Now this isn’t to say you shouldn’t think about the future or contemplate how you might attack upcoming obstacles. That’s a worthwhile exercise. Just don’t feel you need to write it down or obsess about it. If you write a big plan, you’ll most likely never look at it anyway. Plans more than a few pages long just wind up as fossils in your file cabinet.
Give up on the guesswork. Decide what you’re going to do this week, not this year. Figure out the next most important thing and do that. Make decisions right before you do something, not far in advance.
It’s OK to wing it. Just get on the plane and go. You can pick up a nicer shirt, shaving cream, and a toothbrush once you get there.
Working without a plan may seem scary. But blindly following a plan that has no relationship with reality is even scarier.
People ask, “How big is your company?” It’s small talk, but they’re not looking for a small answer. The bigger the number, the more impressive, professional, and powerful you sound. “Wow, nice!” they’ll say if you have a hundred-plus employees. If you’re small, you’ll get an “Oh?.?.?.?that’s nice.” The former is meant as a compliment; the latter is said just to be polite.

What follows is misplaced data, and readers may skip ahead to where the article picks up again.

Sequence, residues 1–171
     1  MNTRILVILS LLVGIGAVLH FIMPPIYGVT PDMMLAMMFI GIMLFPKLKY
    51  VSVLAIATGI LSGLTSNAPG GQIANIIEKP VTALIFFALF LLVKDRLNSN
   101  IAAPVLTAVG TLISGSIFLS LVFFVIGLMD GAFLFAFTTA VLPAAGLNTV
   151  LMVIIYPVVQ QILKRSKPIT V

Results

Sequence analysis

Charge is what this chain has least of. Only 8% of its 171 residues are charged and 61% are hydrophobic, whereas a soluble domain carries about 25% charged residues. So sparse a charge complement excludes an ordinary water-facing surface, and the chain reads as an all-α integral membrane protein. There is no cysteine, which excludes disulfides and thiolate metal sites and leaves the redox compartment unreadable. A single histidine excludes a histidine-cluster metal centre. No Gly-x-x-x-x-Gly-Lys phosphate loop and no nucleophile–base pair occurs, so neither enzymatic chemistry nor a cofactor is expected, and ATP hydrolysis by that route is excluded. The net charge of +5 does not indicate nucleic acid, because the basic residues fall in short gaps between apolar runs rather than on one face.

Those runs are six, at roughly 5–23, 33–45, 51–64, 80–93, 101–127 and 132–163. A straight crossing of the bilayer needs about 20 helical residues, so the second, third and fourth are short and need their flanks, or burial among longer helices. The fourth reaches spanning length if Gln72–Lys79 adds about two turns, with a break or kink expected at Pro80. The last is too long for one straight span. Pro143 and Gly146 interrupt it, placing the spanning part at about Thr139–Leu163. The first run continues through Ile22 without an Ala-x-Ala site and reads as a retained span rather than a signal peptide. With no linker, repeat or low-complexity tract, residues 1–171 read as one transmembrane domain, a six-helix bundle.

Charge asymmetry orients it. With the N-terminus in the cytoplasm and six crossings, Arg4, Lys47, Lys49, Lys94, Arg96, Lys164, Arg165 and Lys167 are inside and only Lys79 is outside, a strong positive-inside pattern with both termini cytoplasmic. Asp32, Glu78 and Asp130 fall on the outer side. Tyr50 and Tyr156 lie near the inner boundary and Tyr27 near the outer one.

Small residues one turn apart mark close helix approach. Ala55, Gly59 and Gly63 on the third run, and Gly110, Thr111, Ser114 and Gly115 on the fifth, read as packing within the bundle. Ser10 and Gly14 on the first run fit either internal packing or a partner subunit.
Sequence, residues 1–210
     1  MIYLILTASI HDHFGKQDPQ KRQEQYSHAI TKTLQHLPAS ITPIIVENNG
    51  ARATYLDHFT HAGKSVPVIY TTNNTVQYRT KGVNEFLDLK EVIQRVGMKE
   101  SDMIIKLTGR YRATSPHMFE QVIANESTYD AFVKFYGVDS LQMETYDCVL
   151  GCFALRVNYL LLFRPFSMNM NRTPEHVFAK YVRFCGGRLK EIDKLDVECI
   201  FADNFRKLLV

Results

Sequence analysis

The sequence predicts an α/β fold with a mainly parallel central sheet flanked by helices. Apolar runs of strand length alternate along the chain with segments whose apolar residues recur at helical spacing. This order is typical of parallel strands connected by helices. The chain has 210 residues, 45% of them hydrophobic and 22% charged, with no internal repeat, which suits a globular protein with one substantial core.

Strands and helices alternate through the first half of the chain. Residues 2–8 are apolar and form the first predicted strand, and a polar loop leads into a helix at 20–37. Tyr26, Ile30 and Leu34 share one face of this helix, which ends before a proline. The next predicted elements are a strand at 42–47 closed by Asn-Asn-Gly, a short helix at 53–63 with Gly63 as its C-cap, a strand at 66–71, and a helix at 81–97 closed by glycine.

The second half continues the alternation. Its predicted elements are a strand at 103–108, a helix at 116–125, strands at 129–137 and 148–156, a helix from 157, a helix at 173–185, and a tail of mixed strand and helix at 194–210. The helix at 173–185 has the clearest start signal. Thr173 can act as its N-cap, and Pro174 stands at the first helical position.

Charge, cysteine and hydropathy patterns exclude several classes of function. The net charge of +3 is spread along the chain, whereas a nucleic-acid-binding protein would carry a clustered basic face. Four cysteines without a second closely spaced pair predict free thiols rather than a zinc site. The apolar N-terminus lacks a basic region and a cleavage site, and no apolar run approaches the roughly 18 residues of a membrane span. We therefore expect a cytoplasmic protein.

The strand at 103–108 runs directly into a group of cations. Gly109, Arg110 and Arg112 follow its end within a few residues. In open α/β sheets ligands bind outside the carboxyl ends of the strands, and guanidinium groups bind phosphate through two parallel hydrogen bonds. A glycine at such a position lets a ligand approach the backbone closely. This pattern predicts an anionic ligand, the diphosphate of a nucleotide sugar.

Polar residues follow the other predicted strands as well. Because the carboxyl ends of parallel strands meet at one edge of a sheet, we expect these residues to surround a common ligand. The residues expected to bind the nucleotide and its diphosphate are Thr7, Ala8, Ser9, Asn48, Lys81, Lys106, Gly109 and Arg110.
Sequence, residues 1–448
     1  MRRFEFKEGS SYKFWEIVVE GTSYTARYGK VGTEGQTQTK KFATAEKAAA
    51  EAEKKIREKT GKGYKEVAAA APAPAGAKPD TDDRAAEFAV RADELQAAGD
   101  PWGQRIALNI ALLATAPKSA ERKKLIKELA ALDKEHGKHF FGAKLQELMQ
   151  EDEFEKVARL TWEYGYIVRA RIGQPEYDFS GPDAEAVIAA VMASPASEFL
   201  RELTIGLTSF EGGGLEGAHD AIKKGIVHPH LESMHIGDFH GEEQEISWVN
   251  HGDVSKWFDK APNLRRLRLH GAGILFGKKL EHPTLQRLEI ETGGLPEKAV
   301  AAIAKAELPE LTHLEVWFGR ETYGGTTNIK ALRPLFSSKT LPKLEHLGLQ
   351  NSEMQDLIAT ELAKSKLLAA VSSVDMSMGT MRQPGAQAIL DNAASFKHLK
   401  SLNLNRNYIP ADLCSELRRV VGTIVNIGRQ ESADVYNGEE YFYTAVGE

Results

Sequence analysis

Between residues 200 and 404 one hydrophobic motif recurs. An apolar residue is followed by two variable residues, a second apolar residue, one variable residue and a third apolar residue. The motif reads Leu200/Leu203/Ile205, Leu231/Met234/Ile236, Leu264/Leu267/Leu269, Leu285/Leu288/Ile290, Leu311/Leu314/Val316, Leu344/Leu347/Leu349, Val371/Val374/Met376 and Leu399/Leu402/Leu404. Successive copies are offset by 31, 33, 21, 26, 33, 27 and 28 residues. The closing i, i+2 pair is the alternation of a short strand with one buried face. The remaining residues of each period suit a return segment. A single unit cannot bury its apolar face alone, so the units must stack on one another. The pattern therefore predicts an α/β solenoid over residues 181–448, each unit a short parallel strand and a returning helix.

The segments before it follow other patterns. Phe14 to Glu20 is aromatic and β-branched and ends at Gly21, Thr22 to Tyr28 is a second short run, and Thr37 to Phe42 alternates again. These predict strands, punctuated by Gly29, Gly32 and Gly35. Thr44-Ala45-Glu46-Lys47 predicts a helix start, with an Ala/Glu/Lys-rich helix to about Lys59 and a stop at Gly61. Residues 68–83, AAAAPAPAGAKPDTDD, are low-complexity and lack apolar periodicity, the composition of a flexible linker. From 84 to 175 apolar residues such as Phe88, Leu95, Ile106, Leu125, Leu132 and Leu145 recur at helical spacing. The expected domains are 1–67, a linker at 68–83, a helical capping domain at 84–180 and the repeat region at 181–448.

Why is that? What is it about growth and business? Why is expansion always the goal? What’s the attraction of big besides ego? (You’ll need a better answer than “economies of scale.”) What’s wrong with finding the right size and staying there?
Do we look at Harvard or Oxford and say, “If they’d only expand and branch out and hire thousands more professors and go global and open other campuses all over the world?.?.?.?then they’d be great schools.” Of course not. That’s not how we measure the value of these institutions. So why is it the way we measure businesses?
Maybe the right size for your company is five people. Maybe it’s forty. Maybe it’s two hundred. Or maybe it’s just you and a laptop. Don’t make assumptions about how big you should be ahead of time. Grow slow and see what feels right—premature hiring is the death of many companies. And avoid huge growth spurts too—they can cause you to skip right over your appropriate size.